orbitals called  orbitals. The three unoccupied orbitals are antibonding orbitals called *
orbitals. When benzene absorbs UV light, an electron in its highest-energy occupied
molecular orbital (HOMO) jumps to a vacant or lowest-energy unoccupied molecular
orbital (LUMO). Look at benzene’s energy diagram and identify the electron that moves
or transitions during the absorption of UV light. In the following space write down the
name of the orbital where the electron started and the name of the orbital where the
electron ended up.
____ to ______

7. Draw a structure of a carbonyl group in the space below. Show all nonbonding valence
electrons on the oxygen atom with dots. What letter do we use to name these dots?

8. The carbonyl group contains a double bond between carbon and oxygen. What are the
names of these two bonds? The first bond is a ___ bond, and the second bond is a ___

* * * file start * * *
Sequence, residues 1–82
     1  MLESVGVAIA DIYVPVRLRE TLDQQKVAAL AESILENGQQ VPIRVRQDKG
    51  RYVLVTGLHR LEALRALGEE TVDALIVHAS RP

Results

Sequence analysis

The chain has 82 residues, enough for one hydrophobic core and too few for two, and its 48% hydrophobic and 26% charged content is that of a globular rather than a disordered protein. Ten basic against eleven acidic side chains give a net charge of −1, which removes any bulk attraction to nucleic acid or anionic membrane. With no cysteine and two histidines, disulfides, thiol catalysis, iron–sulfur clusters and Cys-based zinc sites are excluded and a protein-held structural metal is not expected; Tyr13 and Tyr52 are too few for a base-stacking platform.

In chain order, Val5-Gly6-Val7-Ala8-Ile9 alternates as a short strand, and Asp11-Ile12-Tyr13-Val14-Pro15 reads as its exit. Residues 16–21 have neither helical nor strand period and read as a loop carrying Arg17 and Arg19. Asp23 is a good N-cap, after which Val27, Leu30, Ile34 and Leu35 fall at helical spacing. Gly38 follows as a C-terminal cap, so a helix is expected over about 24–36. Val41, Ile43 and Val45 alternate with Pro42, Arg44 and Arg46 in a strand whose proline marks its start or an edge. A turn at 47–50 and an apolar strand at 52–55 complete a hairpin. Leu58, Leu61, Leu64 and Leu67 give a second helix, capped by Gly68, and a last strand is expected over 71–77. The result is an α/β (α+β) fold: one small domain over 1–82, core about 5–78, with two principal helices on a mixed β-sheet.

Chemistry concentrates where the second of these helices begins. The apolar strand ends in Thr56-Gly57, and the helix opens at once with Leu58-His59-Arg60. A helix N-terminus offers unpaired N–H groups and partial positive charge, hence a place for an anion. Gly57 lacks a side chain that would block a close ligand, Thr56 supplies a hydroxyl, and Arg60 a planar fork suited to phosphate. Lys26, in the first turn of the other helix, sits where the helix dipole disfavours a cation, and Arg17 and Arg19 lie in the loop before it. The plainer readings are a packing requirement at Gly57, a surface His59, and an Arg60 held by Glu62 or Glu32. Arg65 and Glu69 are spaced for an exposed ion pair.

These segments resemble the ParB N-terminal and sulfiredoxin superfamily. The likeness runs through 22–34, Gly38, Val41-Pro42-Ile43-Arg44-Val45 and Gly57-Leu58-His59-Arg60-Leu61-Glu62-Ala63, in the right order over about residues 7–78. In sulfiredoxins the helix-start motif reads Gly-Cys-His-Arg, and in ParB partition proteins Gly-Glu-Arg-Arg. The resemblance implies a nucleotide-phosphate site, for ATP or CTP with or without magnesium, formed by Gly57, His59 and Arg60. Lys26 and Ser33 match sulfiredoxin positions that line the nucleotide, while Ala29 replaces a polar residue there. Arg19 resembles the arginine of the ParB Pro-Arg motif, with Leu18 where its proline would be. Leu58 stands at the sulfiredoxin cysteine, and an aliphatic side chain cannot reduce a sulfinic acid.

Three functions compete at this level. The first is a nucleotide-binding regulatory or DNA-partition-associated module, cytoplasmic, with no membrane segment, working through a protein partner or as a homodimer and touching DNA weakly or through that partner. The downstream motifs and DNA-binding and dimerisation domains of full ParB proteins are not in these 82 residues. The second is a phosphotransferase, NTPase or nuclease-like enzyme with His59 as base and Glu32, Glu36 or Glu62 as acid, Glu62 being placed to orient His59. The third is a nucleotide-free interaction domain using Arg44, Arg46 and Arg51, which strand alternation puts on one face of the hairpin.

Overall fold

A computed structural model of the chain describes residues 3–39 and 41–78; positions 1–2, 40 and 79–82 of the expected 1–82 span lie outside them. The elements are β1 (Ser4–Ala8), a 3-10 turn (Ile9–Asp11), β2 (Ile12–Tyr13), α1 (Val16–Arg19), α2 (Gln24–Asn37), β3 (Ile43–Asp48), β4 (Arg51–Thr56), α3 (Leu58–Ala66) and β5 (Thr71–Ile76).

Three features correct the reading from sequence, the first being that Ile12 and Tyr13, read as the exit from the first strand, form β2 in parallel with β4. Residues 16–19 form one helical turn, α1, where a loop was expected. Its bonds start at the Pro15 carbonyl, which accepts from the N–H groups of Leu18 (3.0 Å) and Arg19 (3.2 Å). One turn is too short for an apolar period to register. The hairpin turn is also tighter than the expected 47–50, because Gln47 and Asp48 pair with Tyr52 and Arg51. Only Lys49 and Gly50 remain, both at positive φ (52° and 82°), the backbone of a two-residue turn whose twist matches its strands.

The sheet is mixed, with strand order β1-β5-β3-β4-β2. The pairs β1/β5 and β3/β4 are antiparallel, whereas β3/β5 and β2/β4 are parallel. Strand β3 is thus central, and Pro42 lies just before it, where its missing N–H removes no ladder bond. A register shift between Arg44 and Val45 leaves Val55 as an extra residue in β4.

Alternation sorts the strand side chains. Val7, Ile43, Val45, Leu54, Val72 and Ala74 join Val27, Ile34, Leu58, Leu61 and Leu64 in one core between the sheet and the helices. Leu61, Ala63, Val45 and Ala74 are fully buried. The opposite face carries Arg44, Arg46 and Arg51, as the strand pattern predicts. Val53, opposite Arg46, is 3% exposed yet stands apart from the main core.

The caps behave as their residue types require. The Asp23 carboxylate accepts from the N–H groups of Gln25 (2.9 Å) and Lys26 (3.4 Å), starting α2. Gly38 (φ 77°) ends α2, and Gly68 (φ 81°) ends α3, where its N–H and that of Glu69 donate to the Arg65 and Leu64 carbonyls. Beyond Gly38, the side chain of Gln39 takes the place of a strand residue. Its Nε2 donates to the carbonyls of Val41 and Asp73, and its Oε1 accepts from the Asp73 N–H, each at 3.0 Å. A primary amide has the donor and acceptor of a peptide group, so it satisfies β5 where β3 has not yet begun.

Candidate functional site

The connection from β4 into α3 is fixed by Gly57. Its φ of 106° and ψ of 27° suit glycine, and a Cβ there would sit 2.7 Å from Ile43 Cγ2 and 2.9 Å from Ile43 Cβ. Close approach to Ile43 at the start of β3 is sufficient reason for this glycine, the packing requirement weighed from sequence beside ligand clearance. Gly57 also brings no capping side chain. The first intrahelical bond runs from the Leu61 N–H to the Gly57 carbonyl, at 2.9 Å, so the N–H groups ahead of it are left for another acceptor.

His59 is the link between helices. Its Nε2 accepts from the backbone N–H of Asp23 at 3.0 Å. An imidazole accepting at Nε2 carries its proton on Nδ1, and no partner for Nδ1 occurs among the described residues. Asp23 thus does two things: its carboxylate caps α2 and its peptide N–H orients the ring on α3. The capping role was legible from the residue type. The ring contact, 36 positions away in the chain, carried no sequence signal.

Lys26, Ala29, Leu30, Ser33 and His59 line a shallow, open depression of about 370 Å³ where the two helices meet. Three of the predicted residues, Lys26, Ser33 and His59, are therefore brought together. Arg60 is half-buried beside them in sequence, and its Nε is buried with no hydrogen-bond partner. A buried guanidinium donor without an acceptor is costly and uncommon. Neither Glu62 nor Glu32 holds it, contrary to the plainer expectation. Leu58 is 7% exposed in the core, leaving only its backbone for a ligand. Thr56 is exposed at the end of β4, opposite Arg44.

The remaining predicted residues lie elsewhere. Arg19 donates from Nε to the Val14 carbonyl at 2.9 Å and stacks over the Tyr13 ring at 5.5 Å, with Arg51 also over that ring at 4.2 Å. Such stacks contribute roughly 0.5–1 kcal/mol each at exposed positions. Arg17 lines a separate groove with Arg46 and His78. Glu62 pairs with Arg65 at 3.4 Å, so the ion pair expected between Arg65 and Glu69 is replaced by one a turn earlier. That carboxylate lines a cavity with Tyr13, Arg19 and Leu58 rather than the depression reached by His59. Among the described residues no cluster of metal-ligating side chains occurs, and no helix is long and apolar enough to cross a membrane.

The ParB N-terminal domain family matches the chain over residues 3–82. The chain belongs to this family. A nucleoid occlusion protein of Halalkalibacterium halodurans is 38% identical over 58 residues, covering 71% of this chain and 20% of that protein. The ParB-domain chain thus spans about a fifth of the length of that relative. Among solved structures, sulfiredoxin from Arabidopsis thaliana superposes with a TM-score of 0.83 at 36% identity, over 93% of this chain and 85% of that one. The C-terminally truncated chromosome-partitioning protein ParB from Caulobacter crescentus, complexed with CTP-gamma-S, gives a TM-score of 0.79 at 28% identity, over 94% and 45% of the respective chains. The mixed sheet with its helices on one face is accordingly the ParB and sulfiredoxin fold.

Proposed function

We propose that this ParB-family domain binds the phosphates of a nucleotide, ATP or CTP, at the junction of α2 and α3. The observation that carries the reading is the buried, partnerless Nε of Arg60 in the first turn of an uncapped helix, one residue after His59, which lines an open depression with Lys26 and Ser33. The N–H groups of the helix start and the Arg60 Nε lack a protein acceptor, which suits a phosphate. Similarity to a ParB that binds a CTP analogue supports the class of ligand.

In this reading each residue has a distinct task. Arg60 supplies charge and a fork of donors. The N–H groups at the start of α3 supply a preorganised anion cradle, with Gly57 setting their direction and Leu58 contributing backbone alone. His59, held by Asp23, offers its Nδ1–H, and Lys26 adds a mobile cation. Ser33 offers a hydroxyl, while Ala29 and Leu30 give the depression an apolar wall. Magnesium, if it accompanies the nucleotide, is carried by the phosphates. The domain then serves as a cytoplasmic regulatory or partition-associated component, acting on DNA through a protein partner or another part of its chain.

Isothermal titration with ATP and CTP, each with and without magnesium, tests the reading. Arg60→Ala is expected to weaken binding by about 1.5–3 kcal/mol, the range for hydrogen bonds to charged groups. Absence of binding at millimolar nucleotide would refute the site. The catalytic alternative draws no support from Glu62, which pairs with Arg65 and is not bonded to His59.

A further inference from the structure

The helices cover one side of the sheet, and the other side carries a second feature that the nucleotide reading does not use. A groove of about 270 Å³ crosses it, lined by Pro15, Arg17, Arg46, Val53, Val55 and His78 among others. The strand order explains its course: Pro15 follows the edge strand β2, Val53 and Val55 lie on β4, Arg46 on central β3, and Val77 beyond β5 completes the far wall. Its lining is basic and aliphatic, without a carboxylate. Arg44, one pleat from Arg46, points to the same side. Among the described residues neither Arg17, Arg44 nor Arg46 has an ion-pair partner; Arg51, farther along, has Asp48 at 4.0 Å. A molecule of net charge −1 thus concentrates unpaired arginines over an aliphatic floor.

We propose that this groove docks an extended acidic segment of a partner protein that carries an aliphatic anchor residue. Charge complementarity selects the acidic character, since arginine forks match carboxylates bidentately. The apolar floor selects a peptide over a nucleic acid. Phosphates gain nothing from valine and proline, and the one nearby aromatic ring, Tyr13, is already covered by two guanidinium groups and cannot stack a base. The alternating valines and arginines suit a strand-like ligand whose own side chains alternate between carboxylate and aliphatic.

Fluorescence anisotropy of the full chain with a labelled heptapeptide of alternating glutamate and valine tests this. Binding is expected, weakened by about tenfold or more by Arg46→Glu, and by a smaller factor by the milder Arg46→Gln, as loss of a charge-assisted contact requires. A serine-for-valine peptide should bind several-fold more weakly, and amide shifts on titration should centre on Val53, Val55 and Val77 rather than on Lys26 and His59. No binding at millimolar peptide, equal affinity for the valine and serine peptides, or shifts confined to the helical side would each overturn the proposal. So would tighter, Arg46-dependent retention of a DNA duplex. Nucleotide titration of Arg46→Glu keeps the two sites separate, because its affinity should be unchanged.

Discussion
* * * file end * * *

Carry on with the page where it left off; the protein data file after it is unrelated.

bond. According to MO theory, if there is a  bond, there must be a bonding  orbital and
also an antibonding * orbital. When an aldehyde or ketone absorbs UV light, the
electrons originate in a nonbonding orbital n and transition to an antibonding * orbital.
How would you designate this transition by analogy to the transition described in problem
6.

Lab 12 5
9. Circle the following compounds that absorb UV light.

## b. Which compounds in Problem 9 have a weak UV absorption?

After you complete this problem set, open the folder labeled UV Homework, read
about the Woodward-Fieser rules, and then answer complete the two exercises using
the UV Wavelength Predictor. Turn in your answers to this problem set and the two
exercises for 20 points extra credit.

Lab 12 6